Sunday, May 30, 2010

Nuclear New Build and subsidy

It was the policy of both the last Labour government and the incoming Conservative government that nuclear new build could be delivered by the market "without public subsidy."

The words in itallics could be interpreted in more than one way.

If you have a policy of complete laissez-faire on energy policy, you will get the cheapest forms of energy which are also some of the dirtiest ones and those with least long term security, e.g. fossil fuels, especially from Russia.

Some of the anti-subsidy comments from people like Chris Huhne, combined with arguments from people like Zac Goldsmith that nuclear new build will not be delivered if the government sticks to the promise to provide no subsidy, has produced understandable concern about the risk of power cuts.

When Greg Clarke was shadow secretary of state for Energy, he pointed out that the failure of the last government to move quickly enough on provision of new power plants meant that whatever the incoming government did there is a serious risk of power cuts by about 2017.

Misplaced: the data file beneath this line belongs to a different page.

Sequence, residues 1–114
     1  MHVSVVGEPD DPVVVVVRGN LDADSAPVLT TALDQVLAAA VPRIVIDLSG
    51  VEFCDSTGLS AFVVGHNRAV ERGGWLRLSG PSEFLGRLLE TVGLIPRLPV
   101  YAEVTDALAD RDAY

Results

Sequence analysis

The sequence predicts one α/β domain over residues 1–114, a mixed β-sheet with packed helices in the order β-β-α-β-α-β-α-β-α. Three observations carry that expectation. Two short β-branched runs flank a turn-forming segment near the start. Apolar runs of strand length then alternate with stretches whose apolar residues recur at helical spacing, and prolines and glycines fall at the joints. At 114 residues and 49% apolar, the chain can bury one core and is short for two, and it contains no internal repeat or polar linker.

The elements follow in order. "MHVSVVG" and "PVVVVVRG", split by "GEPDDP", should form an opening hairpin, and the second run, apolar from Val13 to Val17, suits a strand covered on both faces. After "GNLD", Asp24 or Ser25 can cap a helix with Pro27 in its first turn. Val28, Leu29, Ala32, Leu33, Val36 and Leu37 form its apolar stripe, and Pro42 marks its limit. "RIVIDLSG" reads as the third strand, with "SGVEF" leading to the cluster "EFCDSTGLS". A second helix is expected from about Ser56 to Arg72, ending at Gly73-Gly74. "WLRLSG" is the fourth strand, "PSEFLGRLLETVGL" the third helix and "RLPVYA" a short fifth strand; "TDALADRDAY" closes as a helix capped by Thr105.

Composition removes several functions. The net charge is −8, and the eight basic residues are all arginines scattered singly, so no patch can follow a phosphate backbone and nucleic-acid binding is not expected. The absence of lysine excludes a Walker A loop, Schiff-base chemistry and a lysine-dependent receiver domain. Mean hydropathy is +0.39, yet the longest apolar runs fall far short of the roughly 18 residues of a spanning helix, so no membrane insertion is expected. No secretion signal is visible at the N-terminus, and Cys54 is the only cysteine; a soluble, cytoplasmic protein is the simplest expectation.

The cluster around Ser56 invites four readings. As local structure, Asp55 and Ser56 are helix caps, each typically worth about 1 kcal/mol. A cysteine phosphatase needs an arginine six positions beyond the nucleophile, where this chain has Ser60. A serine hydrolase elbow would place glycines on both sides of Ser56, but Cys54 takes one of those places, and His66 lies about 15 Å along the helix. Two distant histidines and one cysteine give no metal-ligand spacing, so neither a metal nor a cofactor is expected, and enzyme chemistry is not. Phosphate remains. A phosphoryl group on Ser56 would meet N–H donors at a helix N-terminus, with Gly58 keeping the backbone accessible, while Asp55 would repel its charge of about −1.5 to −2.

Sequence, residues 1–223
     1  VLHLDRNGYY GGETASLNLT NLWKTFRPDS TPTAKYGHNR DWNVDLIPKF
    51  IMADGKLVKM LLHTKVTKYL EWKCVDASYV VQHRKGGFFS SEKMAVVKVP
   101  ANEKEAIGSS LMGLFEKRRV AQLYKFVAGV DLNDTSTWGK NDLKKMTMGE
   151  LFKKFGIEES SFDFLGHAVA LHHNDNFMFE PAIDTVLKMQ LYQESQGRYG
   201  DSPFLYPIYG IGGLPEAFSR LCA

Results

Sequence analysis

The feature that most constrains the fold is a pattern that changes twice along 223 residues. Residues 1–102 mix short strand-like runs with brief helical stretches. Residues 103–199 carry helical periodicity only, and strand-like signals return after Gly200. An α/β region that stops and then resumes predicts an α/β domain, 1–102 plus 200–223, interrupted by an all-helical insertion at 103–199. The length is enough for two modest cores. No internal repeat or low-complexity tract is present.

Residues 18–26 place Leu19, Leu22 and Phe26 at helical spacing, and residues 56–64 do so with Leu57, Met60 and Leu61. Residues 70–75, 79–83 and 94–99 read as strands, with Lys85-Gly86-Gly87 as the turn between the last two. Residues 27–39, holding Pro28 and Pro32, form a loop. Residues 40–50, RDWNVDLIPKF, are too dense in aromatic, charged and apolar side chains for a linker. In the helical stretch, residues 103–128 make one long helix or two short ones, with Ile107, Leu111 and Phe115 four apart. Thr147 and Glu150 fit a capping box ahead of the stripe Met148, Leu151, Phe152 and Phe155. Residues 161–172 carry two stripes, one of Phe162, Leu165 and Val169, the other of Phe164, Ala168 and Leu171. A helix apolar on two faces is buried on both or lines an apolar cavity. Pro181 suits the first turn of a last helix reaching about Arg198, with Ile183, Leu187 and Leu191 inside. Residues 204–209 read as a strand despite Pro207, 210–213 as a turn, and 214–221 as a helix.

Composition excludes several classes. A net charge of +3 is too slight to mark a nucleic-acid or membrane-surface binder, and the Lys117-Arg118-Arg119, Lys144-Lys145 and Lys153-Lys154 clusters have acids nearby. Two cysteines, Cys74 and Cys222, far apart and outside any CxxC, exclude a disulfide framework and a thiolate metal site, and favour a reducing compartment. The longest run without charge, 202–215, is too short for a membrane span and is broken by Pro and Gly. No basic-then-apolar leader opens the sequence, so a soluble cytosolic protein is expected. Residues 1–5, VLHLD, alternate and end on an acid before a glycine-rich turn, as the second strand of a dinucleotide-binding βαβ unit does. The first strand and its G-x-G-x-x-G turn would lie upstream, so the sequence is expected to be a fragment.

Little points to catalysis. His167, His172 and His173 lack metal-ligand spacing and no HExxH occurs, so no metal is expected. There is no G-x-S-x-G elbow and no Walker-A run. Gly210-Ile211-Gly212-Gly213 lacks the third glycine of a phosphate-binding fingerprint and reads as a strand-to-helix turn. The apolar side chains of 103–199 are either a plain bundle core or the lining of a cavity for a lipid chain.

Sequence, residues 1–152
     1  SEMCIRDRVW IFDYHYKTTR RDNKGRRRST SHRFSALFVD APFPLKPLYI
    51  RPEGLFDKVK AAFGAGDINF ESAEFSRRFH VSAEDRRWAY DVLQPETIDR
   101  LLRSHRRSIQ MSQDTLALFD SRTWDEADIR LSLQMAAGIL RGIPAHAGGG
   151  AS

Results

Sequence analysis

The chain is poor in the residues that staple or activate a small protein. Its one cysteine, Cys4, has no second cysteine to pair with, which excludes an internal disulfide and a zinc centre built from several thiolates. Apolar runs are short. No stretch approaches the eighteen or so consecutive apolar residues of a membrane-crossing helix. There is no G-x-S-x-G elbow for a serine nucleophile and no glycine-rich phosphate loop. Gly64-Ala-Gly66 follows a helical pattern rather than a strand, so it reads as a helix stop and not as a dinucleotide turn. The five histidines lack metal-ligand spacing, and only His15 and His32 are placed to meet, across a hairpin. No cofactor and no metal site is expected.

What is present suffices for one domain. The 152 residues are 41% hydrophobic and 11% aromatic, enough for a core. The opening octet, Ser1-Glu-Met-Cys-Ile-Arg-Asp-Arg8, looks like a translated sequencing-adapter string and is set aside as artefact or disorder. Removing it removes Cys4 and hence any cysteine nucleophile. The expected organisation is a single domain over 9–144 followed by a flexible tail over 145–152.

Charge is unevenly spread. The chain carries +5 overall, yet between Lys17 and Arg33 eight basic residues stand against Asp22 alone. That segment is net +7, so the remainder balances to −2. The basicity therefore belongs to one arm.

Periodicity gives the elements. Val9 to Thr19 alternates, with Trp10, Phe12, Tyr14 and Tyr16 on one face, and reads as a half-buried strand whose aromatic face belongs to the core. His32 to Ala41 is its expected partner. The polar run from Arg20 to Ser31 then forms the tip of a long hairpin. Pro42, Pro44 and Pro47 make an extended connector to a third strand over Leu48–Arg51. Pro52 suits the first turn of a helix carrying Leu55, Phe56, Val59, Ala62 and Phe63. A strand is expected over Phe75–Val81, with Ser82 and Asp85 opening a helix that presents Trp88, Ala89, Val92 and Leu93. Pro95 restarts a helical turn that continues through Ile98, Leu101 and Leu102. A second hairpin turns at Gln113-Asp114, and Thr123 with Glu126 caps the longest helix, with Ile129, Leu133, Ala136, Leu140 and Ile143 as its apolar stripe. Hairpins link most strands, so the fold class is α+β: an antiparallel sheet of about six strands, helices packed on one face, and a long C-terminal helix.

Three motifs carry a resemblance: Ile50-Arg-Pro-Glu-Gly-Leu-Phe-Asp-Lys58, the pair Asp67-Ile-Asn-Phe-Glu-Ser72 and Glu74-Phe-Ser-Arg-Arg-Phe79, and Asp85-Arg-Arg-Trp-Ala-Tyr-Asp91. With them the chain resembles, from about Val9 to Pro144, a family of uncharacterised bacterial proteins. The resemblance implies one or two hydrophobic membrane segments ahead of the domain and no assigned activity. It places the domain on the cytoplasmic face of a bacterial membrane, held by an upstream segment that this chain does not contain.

I agree with that assessment, and articles like the one this week from Max Hastings in the Mail, "Why I fear the lights will go out in Britain," make some very cogent points.

But not providing a direct subsidy does not necessarily mean doing nothing. An appropriate price on carbon (effectively a tax on pollution) makes all low carbon power generation - including nuclear - far more cost effective. The Conservative election promise to provide a guaranteed floor price for carbon has, as I pointed out in a blogpost a few days ago, become the policy of the new government.

And as Chris Huhne recognised in his Sunday Times interview today, if carbon is more expensive, then investors will see the advanges of putting money into nuclear power.

It would have been much easier to get nuclear new build if either the Conservatives or Labour had won an outright majority, but the presence of Lib/Dems in the government is not going to stop it happening.

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